Still Life (2013) – A poignant tribute to a good-natured loner

Someone tells John May, the glum-looking but good-natured London council employee played by Eddie Marsan, that he’s got a strange job, at a certain point in the film. We agree because we’ve been thinking the same thing since the film began. The job – a rather thankless one at that – entails him finding the next-of-kin of recently deceased individuals and informing them of their demise. A majority of these people are loners who were rejected by their children and relatives and led a heartbreakingly painful and solitary existence.


You feel a bit overwhelmed with sadness when you see John going through the belongings of a deceased old woman to find out if she had any children and coming across a greeting card apparently sent to her by her daughter, only to find out a minute later that it was written and signed by her cat. I think now you get the picture. That’s not all what makes up John’s job description. He has to prepare their eulogies and make proper arrangements for their funerals (make-believe ones just as how some of them lived their lives) and burial. No one comes to the funeral of course, except John and the priest. He doesn’t have to, but he is so dedicated and caring that he makes it a point to attend each one. We get a clear picture of John’s life in the subsequent scenes.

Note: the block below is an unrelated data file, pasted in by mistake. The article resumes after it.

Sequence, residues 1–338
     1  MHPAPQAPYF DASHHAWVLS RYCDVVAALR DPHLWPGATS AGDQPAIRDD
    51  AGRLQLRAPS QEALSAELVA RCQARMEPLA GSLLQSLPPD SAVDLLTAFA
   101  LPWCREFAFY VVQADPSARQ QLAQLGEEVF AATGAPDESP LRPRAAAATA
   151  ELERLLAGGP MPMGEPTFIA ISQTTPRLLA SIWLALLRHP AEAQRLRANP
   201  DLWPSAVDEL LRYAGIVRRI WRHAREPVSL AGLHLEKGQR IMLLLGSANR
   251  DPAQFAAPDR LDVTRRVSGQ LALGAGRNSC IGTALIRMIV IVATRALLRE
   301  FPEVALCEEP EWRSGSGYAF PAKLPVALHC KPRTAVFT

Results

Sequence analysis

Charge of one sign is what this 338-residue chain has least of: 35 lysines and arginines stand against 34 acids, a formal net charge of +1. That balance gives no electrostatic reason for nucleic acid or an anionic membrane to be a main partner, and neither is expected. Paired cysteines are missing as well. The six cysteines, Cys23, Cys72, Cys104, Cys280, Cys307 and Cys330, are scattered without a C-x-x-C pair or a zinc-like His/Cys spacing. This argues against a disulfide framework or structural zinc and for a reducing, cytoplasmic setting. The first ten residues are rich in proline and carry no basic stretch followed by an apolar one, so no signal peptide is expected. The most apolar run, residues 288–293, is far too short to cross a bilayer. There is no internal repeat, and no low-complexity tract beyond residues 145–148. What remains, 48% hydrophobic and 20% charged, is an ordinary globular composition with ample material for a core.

We see that he is a clean, well-organized and methodical person, the kind of person who ensures that no scraps of food are left on the table that he just dined on. He is just as lonely as some of the deceased. You could say that he spends more time with the dead than he does with the living. All that is about to change when he is fired and meets the daughter (played by Downton Abbey’s Joanne Froggatt) of a drunk old man who had passed away recently. John is determined to close this last case before he leaves. Viewers expecting a cliché ending might be in for a shock. Without giving away anything, I’ll just say (warn, actually) that I wasn’t quite unprepared for the ending. I found it to be a bit of a bummer initially. I did predict it though but I wasn’t expecting it to be presented the way it was here. It’s not the kind of ending that you’ll have a really hard time accepting if you are currently going through a tough phase in your life.


However, I could see what the director was trying to do and it took me a while to accept it. It’s one of those endings that will make you reconsider your life and make you ask, “What the fuck am I really doing with my life?” I would love to hear what others thought of it. But, that doesn’t mean the film is not watchable (I wouldn’t be writing about it otherwise) and if there is one really good reason for recommending this film, it’s Eddie Marsan outstanding performance. He is one of those actors that, you can guess what he is thinking by looking at his face. And there is a good chance you must be thinking exactly what he is thinking at the same time. You can sense a perfect synchronization going on here. The film is directed by Uberto Pasolini, a nephew of legendary Italian director Luschino Visconti.



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